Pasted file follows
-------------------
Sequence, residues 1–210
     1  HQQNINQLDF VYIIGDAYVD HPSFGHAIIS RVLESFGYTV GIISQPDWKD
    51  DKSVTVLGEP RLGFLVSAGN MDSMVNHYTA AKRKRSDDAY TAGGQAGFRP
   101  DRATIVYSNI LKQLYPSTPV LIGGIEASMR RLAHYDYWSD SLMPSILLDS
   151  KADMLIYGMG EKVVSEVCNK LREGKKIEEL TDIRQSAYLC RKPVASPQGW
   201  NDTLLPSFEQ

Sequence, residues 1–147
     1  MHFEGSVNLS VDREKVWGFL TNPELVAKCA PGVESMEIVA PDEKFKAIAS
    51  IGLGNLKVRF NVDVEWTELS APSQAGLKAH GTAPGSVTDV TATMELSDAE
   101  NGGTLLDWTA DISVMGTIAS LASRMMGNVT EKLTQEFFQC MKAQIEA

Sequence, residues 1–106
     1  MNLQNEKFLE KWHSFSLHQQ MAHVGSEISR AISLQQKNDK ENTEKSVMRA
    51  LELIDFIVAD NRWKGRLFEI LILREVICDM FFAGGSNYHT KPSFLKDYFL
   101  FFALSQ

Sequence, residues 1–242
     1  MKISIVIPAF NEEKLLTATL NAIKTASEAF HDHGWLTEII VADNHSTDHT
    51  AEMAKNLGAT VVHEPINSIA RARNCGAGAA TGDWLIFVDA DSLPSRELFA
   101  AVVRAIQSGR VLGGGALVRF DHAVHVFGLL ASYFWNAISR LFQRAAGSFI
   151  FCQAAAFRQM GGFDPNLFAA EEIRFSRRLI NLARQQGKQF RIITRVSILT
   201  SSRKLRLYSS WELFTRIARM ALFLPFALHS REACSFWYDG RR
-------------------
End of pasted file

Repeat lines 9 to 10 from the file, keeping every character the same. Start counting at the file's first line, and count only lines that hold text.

    51  IGLGNLKVRF NVDVEWTELS APSQAGLKAH GTAPGSVTDV TATMELSDAE
   101  NGGTLLDWTA DISVMGTIAS LASRMMGNVT EKLTQEFFQC MKAQIEA